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Case study: polite politics versus Twitter twaddle

Like many who had not seen Labour’s strong election showing coming last year, I headed to conference 2017 newly-curious about the Corbyn movement. Along with two hacks from national dailies, I popped into the lefty fringe festival, “The World Transformed”, staged by Compass and Momentum. The hall was packed, ages ranged from students to pensioners, all listening to stalwart socialist academics talking intelligently but very abstractly about things like “hegemony.” Some were probably giving the same speech they’d been giving since the '70s, but suddenly—and remarkably—they now held a large audience transfixed. I took a snap and tweeted it with a joshingly mystified caption: “a packed hall at the Momentum fringe to talk about, err, hegemony.”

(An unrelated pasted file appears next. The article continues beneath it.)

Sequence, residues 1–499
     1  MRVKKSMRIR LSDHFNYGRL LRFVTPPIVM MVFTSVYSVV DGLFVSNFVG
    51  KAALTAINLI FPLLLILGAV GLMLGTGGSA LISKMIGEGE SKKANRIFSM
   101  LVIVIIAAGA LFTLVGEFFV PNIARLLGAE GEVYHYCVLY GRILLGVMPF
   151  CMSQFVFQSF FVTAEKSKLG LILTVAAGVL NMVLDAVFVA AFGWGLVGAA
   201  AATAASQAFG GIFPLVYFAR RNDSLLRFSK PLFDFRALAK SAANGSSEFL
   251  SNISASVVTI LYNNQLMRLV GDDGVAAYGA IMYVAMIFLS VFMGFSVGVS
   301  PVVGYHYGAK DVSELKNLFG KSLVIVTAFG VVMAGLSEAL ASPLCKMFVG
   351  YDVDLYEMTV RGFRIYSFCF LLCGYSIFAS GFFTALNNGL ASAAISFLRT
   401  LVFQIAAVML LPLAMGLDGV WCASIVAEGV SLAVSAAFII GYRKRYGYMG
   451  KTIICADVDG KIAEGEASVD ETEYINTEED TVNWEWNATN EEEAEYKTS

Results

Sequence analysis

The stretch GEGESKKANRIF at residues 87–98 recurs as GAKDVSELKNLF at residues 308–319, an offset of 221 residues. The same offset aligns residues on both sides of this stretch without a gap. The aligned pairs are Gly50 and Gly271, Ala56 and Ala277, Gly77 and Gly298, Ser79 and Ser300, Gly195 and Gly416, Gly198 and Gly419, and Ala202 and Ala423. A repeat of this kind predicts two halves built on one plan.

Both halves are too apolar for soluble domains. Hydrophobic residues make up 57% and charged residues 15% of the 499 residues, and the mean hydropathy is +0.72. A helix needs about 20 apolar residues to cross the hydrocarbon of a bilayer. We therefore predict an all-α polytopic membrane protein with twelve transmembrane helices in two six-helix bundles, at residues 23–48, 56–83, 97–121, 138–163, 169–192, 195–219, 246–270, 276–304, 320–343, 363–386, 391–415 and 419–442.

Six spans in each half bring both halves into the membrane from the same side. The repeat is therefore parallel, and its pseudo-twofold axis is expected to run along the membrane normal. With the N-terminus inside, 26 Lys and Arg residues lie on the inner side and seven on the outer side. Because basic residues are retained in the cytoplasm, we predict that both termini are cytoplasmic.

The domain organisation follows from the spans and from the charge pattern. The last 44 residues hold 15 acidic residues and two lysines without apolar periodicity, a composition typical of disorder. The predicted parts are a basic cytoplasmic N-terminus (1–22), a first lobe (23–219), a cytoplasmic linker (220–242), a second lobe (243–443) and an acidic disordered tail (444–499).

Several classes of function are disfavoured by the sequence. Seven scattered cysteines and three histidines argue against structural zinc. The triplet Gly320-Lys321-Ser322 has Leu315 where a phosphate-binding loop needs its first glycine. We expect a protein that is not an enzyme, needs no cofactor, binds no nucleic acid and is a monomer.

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In Prospect’s October issue: Rafael Behr argues that politics has been poisoned by Twitter—the platform often drives the political news agenda, encourages people to descend deeper and deeper into echo chambers and sees MPs and their families regularly abused. Meanwhile, former Guardian editor Alan Rusbridger explains how Oxford picks its students and says that more needs to be done for the colleges to be more inclusive. Also, Jasmin Mujanovic outlines how Bosnia’s elections this month could tip the country back into conflict. Elsewhere in the issue: Alex Dean highlights the alarming decline in the number of students studying a foreign language at GCSE and beyond. Will Self reviews a series of new books about liberalism, arguing that “we need more than just social freedoms and the free market.” Aimee Cliff charts the story of the dying dream that London would be a 24-hour city.